I am writing this on Cyber Monday, ostensibly the day when everyone goes online to polish off their holiday shopping in one fell swoop. Call this a commercial, call it a public service announcement, call it a heartfelt plea - this month’s blog is a bald-faced exhortation to shop locally. If you are shopping online, please shop at a place that has a storefront in your community. With Covid still raging, we understand and sympathize with the desire to not mingle with large crowds in small stores, but most of the items that are on your list can be purchased online from independent merchants, often right around the corner from you, who are willing to ship. Shopping at the A-word leads to empty storefronts on your main street, less tax revenue in your city, and a crumbling sense of community. Your local merchants work hard to keep their business districts lively, safe, inviting spaces for humans (not algorithms!) to gather.

Read on for a review of Dave Eggers’ new take on Big Tech - 

The Every by Dave Eggers

In his prescient 2013 novel, The Circle, Dave Eggers brought us a dystopian near future in which consumers are rated, surveilled, and stalked by a powerful tech corporation, all in the interest of developing marketing algorithms.  Much of what seemed like a futuristic nightmare a mere eight years ago has since come to fruition in the real world.

In his follow-up to The Circle, Eggers raises the stakes and ratchets up the satire. Mae Holland, the bright-eyed young hiree at the Circle, is now head of The Every, a company that has absorbed the Circle and most of the other tech companies in existence, including the one “named after the South American jungle.” Mae has become an enigmatic character. Her name is invoked throughout the novel, but she doesn’t make an actual appearance until the end. 

Delaney Wells is an idealistic young rebel and former park ranger whose parents’ mom-and-pop organic grocery was subsumed by Every subsidiary FolkFoods. She decides to wreak her revenge from within the company, securing a job on its B. F. Skinner-esque campus. Her strategy is to develop apps so ludicrous and invasive that they cannot help but be rejected, thus bringing down the corporation. She is assisted by her friend Wes, a “trog” who lives largely off-grid. 

The people who live and work on the Every compound are a fragile lot, many of whom have developed a peculiar quiver to their pupils, a side effect of having their every move, word, and intention monitored through an oval worn on their wrists. They wear revealing spandex clothing and stop their work periodically to march in place in accordance with Every fitness standards. Transparency is king; the motto “sharing is caring” takes on a sinister tone.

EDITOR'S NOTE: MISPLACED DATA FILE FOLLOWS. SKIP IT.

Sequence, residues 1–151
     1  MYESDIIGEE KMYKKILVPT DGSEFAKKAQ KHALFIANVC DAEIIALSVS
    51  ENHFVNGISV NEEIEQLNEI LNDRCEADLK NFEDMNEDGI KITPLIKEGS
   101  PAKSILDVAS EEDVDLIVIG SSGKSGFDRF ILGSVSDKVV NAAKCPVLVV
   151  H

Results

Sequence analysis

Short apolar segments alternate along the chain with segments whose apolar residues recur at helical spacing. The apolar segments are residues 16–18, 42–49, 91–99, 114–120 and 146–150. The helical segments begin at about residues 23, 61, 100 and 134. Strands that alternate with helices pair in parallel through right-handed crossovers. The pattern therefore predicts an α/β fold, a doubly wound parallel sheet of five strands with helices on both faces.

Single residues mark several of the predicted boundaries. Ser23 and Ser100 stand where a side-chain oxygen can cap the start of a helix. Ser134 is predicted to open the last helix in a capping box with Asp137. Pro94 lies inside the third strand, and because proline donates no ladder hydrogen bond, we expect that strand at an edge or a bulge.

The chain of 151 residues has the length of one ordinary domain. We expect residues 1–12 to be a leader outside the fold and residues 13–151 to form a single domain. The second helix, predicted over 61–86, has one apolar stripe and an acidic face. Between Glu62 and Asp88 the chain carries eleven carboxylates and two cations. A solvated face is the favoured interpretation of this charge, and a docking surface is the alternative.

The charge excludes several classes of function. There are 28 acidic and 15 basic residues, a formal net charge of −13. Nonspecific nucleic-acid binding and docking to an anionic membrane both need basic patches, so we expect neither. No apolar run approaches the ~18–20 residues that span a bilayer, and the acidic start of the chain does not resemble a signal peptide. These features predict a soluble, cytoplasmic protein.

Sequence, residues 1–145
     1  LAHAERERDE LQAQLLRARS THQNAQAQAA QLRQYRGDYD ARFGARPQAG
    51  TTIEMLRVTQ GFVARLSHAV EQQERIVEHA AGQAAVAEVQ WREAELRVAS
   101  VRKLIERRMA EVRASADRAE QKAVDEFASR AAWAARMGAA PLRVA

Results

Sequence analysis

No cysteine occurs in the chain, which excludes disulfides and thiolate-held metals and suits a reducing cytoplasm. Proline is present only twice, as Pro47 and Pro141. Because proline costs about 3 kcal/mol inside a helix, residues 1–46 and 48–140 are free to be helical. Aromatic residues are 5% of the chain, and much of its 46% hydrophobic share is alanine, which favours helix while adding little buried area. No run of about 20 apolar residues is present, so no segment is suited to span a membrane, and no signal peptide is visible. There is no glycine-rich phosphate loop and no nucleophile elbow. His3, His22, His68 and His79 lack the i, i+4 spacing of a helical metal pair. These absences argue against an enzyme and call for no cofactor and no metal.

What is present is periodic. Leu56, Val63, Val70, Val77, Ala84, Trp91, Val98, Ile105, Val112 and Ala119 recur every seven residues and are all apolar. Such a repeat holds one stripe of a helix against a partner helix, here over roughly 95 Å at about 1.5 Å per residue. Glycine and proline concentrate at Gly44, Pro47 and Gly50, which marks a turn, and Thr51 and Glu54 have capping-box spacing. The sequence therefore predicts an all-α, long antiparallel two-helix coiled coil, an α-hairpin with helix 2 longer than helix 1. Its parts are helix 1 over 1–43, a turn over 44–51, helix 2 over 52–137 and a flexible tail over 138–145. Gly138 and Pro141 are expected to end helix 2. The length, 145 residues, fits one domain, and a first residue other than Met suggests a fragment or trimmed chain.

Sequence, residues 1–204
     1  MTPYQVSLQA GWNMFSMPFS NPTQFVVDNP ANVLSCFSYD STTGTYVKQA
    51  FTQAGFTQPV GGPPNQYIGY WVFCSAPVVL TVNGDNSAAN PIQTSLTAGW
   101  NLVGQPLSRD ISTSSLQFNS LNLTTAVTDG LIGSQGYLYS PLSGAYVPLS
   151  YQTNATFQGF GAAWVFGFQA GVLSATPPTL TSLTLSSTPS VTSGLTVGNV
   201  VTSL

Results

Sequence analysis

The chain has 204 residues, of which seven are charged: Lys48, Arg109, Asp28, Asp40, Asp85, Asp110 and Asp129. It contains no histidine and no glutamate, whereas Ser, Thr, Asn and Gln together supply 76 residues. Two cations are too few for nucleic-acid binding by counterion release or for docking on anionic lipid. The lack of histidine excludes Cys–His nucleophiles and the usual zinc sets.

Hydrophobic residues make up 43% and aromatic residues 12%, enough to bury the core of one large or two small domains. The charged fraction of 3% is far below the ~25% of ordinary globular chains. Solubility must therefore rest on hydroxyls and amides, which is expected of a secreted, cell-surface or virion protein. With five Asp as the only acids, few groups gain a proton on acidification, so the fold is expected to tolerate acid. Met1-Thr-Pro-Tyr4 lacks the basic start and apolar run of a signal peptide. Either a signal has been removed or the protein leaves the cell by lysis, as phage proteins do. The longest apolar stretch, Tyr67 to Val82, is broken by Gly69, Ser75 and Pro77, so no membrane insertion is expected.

Eggers takes obvious glee in his depictions of the hyper-woke “snowflakes” inhabiting the campus. At one point, Delaney takes a group of co-workers on a field trip to a beach to witness the mating of elephant seals. Her colleagues rarely go out into the actual nature they claim to revere, so few of them have a clue how to prepare for a simple walk on the beach. The close proximity to wild animals so traumatizes the cloistered group that Delaney is ostracized. To make matters worse, the bus kills a sheep on the way back to the compound, the symbolism of which will elude no-one.

Wes, in an attempt to help Delaney bring down The Every, manages to get himself hired. In a particularly hilarious chapter, the two collaborate on developing a series of apps, each one more ludicrous than the last, to help with everything from “correcting” classic fiction (FictFix) to crowd-sourcing decision-making (ShouldEye). 

Delaney receives periodic snail mail from her former professor Dr. Agarwal, who is aware that Delaney is working for The Every, but doesn’t know her intent. Agarwal is the voice of Cassandra, raising the alarm about the damage being done by the corporation and chastising Delaney for being complicit. Delaney cannot respond to the letters, or even admit to their existence for fear of exposure. 

The unfortunate upshot of the book is that resistance is futile and we might as well just succumb to our corporate overlords. Eggers takes a grim yet sharply funny view of the dangers of technology and capitalism run amok. The Every is not a perfect book. At times it is predictable, and sometimes Eggers’ delight in parodying the extremely political correct borders on sadistic. But it is a worthy follow-up to The Circle, and an entertaining cautionary tale.


Read on for more on the value of shopping locally - 

How to Resist Amazon and Why by Danny Caine